Playwright: book, music & lyrics by Will Clinger and James FitzGerald
At: Theater Wit at the Theatre Building
Phone: ( 773 ) 327-5252; $30
Runs through: April 22
There's these two guys, one skinny and one stout, named Will Rice and Jimmy Shine. After a traveling carnival leaves them stranded, they pool their talents in a song-and-dance act called 'Rice and Shine.' Soon they're starring on the vaudeville circuit. But then Rice is offered a film contract—without his partner. He takes it, the movie flops, and he's reduced to doing baggy-pants burlesque. Shine, meanwhile, struggles as a solo performer. Oh yeah, and there's a girl—Louise Chapelle, a smartcracking warbler who refuses to choose between her two stubbornly-devoted suitors.
Does this story sound familiar? It should, since it comprises the vehicle for innumerable backstage musicals churned out by Hollywood from 1930 to the present day, with a touch of roman à clef thrown in for titillation. Think Bob Hope and Bing Crosby—you recognized the Dorothy Lamour surrogate, didn't you?—or Dean Martin and Jerry Lewis, or Bud Abbott and Lou Costello. After that, you don't need to think any more—you KNOW everything's gonna end happily with the status quo unchanged.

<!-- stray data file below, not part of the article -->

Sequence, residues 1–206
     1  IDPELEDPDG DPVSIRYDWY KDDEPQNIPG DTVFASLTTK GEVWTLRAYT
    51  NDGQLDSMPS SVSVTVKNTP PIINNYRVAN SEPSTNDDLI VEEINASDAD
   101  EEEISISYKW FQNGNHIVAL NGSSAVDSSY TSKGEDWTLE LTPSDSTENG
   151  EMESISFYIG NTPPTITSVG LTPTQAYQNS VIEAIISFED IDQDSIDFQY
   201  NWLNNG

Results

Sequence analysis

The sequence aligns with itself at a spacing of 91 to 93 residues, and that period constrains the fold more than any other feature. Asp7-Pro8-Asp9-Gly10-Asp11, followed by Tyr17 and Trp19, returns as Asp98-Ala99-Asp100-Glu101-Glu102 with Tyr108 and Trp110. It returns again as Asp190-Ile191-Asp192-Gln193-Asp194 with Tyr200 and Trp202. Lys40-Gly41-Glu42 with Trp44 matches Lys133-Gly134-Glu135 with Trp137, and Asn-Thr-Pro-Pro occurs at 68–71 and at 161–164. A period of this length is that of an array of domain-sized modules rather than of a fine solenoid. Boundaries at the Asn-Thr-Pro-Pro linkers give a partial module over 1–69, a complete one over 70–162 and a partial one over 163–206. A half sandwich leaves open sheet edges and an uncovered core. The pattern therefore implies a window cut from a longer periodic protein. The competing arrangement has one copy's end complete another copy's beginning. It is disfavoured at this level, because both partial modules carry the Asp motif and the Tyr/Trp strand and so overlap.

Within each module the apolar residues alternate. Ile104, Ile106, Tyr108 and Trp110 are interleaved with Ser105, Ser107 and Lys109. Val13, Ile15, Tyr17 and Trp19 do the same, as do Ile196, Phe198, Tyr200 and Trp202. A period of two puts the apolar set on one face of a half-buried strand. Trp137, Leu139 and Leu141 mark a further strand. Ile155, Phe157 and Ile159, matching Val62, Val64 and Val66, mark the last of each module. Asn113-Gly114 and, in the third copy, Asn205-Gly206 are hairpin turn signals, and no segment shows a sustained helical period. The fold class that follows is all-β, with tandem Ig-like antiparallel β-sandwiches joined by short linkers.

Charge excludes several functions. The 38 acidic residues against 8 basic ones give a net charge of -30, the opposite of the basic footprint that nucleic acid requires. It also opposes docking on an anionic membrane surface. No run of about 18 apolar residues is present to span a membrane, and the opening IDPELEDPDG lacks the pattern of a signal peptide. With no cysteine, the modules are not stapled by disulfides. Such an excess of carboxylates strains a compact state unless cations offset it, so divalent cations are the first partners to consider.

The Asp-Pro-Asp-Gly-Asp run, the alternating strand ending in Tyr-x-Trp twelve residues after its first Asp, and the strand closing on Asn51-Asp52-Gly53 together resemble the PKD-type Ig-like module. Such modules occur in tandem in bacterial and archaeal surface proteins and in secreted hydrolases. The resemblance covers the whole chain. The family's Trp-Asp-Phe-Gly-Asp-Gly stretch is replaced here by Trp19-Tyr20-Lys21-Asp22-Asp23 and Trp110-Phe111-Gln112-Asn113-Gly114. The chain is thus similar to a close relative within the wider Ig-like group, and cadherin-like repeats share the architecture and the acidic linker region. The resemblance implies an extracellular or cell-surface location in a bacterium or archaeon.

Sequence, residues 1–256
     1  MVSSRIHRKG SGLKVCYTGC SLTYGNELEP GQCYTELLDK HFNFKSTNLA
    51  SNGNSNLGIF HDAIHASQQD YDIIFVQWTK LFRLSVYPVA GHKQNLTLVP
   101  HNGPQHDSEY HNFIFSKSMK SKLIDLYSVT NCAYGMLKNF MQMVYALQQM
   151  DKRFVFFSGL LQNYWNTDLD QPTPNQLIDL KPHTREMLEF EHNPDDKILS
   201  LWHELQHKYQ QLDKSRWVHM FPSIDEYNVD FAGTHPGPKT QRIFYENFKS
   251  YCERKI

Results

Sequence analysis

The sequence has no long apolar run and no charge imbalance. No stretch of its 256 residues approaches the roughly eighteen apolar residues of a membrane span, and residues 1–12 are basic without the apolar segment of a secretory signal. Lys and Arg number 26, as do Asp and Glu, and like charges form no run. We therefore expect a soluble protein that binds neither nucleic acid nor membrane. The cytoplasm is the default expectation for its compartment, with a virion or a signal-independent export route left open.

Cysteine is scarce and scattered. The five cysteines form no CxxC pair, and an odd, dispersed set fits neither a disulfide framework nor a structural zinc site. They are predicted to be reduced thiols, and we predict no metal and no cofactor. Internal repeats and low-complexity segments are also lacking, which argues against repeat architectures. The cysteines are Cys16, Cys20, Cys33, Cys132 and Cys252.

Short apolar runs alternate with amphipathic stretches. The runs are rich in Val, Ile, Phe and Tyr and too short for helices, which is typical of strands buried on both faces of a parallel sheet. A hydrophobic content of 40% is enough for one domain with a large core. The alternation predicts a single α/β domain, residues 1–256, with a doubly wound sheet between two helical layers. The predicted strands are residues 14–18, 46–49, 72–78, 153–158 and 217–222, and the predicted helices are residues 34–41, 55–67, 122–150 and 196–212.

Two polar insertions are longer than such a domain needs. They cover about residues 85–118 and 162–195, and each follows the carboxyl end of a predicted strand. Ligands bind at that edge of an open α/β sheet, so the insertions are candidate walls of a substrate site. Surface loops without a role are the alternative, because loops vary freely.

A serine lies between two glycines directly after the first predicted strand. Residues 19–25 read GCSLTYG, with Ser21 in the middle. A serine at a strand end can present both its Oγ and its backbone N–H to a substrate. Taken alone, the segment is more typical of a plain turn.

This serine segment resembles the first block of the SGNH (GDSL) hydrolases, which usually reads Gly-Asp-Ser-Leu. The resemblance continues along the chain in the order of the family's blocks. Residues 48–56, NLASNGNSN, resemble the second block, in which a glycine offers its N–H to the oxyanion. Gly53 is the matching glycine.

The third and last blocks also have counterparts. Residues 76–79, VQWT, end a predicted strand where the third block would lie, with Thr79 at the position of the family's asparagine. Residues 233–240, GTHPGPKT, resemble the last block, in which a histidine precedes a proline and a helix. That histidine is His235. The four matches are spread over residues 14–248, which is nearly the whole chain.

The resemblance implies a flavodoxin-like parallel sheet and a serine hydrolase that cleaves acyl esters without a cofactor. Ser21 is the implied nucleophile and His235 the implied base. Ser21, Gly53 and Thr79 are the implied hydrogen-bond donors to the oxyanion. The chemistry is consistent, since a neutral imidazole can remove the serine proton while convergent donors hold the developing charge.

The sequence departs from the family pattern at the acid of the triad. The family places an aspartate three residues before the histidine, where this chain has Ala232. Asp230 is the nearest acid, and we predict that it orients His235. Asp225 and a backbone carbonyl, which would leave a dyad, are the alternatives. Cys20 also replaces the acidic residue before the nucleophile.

All right, so plot's not important. What IS important are the musical numbers reflecting a variety of period styles, supplied by the songwriting duo of Will Clinger and James FitzGerald. The score for this parody of/homage to the 'Road' flicks and their ilk encompasses such generic staples as the sentimental 'Normal, Illinois', the ersatz-exotic 'Neath the Mucka Mucka Tree,' a few romantic ballads ( one rhyming 'dance', 'CHAMPS-Elysée' and 'FAN-cy free' ) and the obligatory hymn to fraternity, 'Friends to the End.'
Director Jeremy Wechsler never allows the madcap mayhem to slip into chaos. Katrina Williams Brunner's dances, Angela Webber Miller's scenic design and an agile stage crew shepherded by Lara Maerz likewise keep the slapstick antics always in control. But the evening belongs to Clinger and Bret Tuomi as the mischievous Rice and Shine, along with Lindsey Pearlman as the luscious Louise and Kingsley Day as the tombstone-faced Piano Player. Together, they keep the wit and sparkle coming in such abundance that we hardly notice that two hours have gone by.